The pandemic is forcing educators to rethink how they evaluate students. Here's why
Schools across the country have cancelled final exams in the wake of COVID-19
As high schools across the country scrap exams because of the COVID-19 pandemic, some experts say now is the time to re-evaluate what those tests look like to ensure they serve all students.
"With all the trouble the world is facing right now, I also see a silver lining, which is that everything that was impossible before the pandemic all of a sudden has become possible," Joel Westheimer, university research chair in democracy and education at the University of Ottawa, told The Current's Matt Galloway.
"And what I do see as being possible is rethinking the way we assess students and the way we help students."
Last week, school boards in the Greater Toronto Area cancelled final exams for the academic year, as did Ottawa's English public and Catholic school boards. Manitoba has cancelled the tests for Grade 12 students, while Alberta is allowing senior students to opt-out of fall exams if they choose.
The move has raised questions about whether exams are the best way to evaluate students or not. Westheimer, for one, argues they're not great at measuring critical thinking, whether students are able to be in healthy relationships, or whether they're happy with their work.
Some students are divided on the matter as well.
Luca DiPietro, a Grade 12 student at Blessed Trinity Catholic Secondary School in Grimsby, Ont., sees exams as an important way for students to develop time management skills and tackle performance anxiety.
"In any career, students will face stress. They will face performance anxiety," he said.
"Exams help them to prepare for the future."
They're also important benchmarks universities use to choose applicants and test student achievement, he added.
But Bridget Salamon argues exams are "antithetical" to education because students often cram for them. School should be about ensuring students "comprehend" what they've been taught, said the high school senior at Walter Murray Collegiate in Saskatoon.
She also worries the tests disadvantage students who are neurodivergent or struggle with executive dysfunction, which impacts a person's learning abilities.
"Exams don't test your learning," Salamon said.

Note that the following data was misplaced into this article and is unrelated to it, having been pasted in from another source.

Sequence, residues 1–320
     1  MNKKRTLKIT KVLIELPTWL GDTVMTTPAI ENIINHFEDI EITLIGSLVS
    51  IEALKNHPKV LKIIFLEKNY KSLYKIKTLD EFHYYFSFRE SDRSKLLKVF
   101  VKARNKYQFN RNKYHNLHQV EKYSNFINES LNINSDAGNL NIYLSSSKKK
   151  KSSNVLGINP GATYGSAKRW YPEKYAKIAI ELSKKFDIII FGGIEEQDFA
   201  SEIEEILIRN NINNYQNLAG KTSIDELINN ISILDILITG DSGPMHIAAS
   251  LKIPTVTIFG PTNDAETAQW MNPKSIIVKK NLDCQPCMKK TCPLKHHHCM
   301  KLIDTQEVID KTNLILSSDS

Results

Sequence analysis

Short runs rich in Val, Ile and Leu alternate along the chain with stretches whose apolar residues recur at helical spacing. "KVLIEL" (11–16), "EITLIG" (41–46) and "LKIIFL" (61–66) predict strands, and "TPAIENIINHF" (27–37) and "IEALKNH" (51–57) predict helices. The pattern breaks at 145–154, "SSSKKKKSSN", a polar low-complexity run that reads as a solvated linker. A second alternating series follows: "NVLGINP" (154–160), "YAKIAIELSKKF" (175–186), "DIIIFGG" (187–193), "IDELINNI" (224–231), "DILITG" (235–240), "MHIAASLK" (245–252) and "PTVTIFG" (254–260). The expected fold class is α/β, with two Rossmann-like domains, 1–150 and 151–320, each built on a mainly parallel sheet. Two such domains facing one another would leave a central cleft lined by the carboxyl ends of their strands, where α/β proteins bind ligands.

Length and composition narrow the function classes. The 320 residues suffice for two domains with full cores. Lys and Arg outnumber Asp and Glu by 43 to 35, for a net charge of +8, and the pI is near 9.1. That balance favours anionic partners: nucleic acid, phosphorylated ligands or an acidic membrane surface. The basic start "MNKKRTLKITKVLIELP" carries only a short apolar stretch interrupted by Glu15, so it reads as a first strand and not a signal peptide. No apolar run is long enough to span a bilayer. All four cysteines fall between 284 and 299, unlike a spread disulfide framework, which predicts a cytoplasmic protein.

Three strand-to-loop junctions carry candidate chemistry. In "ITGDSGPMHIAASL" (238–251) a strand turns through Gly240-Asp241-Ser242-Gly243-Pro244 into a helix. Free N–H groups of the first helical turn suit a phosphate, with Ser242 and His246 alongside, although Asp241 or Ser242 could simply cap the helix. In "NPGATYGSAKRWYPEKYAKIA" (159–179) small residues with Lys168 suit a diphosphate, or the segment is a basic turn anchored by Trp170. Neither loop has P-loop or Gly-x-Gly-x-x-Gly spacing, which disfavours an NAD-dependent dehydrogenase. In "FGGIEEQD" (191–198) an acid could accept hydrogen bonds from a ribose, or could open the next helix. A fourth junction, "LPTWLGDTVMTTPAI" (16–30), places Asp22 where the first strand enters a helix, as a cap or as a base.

"They test your ability to take an exam, which should not be the goal of our education system."
Richelle Marynowski, an associate professor of education at the University of Lethbridge in Alberta, sees some of the merits of exams — that students spend time preparing for them, and they get a chance to think about the content they've learned.
But she doesn't believe they necessarily disadvantage neurodivergent students.
"I imagine that some autistic students would perform really well at exams because they appreciate the structure," she said.
No 'one-size-fits-all solution,' says expert
Westheimer said both DiPietro and Salamon are correct. That's because, at the end of the day, exams serve some students and not others.
"There are different kinds of students, and there's rarely a one-size-fits-all solution to any educational problems," he said.
Both Westheimer and Marynowski agree there are other ways to test student learning.
"If we think about exams in a different way, they can do so much more than what they have in the past," said Marynowski.
"I much prefer an open-book kind of exam where students have resources to look at, where I'm asking higher level questions, getting students to connect knowledge."
Portfolios could be another useful assessment tool, Westheimer suggested.
"Some schools have gone to a model where students choose their best work over the semester or over the month or over the year, and then exhibit them to teachers, to community members, sometimes to other students," he said.
"That way, we're getting students to showcase their best work."
But, once again, "if an exam caters to one kind of a student, a portfolio caters to another kind of student," said Marynowski. She said it's important to find a balance.
And the pandemic could be an opportunity to do that.
"I think many of us, particularly in the post-secondary world … are taking a look at alternatives, better ways of assessing," she said.
"This has forced us to take a look at our practice and say, 'Wait a minute, this might not be the best thing that we're doing here.'"
Written by Kirsten Fenn. Produced by Ines Colabrese and Isabelle Gallant.